When will the Federal Government actually make online poker legal? According to Las Vegas Review-Journal reporter Howard Stutz, that move won’t be happening before 2013, and even that might be a stretch.

Hopes Dashed

But today I am still just a bill.

Poker affiliates and players were hoping that a poker legalization amendment would be attached to the controversial payroll tax cut bill that made its way through Congress last week. After all, the 2006 legislation banning most online gaming in the first place passed under similar circumstances.

But Stutz Tweeted last Friday that the rider had no chance of making its way to becoming a law thanks to objections from powerful Indian gaming interests.

On Wednesday night, President Obama quietly signed the payroll tax cut and unemployment extension into law. The poker rider was not part of that legislation.

Not So Fast

Since the Department of Justice reversed its position on Internet poker late in 2011, the gaming industry has been working under the assumption that legalization legislation was little more than a formality was just a formality.

Software and gaming companies have been scrambling to form partnerships and alliances to help them win the pole position in the race to win the American poker market. But the current Congress is not exactly know for efficiency and this race may be a lot slower than anyone anticipated.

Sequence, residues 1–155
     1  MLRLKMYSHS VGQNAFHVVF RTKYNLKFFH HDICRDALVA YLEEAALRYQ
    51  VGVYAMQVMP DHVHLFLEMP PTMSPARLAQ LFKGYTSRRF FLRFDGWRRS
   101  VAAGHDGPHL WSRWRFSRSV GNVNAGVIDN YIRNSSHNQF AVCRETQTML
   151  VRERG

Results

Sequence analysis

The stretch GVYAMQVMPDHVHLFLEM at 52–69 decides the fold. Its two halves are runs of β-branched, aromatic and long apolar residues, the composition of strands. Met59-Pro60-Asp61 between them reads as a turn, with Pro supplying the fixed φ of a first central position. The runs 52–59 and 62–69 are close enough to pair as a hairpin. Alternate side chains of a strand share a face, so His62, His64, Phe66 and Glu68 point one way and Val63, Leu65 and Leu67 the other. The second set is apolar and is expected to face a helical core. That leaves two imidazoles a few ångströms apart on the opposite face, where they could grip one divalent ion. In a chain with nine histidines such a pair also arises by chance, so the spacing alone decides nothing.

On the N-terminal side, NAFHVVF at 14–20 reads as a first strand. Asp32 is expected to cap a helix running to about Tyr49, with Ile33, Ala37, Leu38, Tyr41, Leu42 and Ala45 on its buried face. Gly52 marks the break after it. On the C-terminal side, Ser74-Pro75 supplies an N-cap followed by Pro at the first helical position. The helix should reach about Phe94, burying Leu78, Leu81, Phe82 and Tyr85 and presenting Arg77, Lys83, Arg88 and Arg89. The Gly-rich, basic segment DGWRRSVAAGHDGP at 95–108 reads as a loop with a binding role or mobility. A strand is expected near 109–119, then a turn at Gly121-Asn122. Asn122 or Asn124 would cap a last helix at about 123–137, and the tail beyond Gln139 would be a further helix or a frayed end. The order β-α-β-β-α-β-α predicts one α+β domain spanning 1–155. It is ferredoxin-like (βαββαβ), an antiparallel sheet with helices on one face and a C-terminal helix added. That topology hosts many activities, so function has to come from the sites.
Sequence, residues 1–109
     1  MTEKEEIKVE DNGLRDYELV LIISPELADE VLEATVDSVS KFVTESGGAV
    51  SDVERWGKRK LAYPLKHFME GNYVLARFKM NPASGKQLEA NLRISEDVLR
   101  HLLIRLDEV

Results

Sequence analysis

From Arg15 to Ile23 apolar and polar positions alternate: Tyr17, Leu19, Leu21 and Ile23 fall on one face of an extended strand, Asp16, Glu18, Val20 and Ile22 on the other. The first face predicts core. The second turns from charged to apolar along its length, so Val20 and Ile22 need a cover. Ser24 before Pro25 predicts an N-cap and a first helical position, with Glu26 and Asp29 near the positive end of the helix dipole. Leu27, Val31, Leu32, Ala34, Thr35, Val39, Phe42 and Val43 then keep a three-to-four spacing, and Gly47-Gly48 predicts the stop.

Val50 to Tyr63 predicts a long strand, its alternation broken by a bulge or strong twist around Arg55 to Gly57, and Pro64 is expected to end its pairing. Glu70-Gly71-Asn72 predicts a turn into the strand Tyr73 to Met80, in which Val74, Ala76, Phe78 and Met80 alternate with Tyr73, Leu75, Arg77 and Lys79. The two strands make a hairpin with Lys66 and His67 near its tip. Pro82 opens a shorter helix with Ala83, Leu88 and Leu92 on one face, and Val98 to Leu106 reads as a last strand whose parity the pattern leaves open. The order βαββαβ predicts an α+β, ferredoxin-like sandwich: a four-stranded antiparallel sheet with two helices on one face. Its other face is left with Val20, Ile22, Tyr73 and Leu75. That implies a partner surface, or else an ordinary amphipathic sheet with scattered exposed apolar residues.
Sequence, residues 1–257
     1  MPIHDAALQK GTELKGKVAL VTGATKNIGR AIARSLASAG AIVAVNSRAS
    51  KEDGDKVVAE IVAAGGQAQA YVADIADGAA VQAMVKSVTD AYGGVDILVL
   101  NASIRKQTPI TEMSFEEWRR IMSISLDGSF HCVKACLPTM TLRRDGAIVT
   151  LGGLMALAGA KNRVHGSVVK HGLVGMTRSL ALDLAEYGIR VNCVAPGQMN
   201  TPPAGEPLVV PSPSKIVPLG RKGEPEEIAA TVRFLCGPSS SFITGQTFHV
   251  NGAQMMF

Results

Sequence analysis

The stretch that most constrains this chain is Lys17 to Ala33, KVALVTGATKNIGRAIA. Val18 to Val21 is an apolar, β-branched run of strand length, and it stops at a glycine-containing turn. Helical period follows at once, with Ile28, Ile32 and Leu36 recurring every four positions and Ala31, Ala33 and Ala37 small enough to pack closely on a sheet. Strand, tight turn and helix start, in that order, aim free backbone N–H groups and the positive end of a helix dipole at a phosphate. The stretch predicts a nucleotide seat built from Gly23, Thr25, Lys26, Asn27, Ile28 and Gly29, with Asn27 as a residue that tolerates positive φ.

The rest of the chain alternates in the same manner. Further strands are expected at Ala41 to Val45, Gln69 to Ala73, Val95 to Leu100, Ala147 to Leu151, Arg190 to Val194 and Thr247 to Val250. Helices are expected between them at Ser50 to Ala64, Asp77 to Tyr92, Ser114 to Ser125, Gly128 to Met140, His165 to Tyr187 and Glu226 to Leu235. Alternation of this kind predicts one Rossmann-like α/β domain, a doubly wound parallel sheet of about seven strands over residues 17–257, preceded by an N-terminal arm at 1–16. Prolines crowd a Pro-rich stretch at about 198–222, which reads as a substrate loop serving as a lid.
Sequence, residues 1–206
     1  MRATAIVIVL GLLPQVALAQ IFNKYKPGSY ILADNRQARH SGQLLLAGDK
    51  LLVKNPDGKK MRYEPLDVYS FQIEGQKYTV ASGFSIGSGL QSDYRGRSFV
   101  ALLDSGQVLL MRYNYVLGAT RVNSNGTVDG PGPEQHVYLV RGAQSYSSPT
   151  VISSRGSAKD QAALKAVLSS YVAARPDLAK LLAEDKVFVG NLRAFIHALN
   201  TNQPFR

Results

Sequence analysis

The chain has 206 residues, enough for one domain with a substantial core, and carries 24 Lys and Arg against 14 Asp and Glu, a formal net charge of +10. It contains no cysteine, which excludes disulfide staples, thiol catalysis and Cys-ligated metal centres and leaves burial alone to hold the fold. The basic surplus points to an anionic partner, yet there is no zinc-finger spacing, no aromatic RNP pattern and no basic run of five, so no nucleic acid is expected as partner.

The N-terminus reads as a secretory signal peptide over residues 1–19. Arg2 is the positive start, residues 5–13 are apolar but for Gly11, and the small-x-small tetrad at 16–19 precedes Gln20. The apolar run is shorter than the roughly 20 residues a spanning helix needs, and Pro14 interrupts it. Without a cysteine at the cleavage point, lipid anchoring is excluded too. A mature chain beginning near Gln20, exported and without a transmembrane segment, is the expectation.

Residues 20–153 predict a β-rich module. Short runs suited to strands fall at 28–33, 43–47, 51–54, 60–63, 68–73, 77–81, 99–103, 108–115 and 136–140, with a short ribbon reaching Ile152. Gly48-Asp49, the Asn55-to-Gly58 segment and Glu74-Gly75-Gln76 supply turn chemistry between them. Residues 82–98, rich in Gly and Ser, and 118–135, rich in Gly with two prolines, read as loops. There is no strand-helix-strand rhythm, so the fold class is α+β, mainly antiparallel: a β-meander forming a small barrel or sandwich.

Political handicappers see the post election lame duck session as the next big opportunity for any Federal gaming legislation to makes its way through Congress.

Up to the States

In the absence of Federal legislation, it’s expected that state governments will step in with their own legalization efforts. Nevada is already way ahead of the pack in this effort and at least thirteen companies have already applied for online gaming licenses in the Silver State.

Given the dire economic situation in most states, it’s very likely that other states will rush to make legal online poker a reality as soon as possible. Top contenders for legalization include California and New Jersey.

Though legalization does seem inevitable, given the massive dysfunction inĀ  the Legislative branch of the Federal Government, smart says the state will be way ahead on this play.

Who do you think is going to be first to legalize online the States or the Feds? Share your opinion in our Online Gaming Laws and Regulation Forum.


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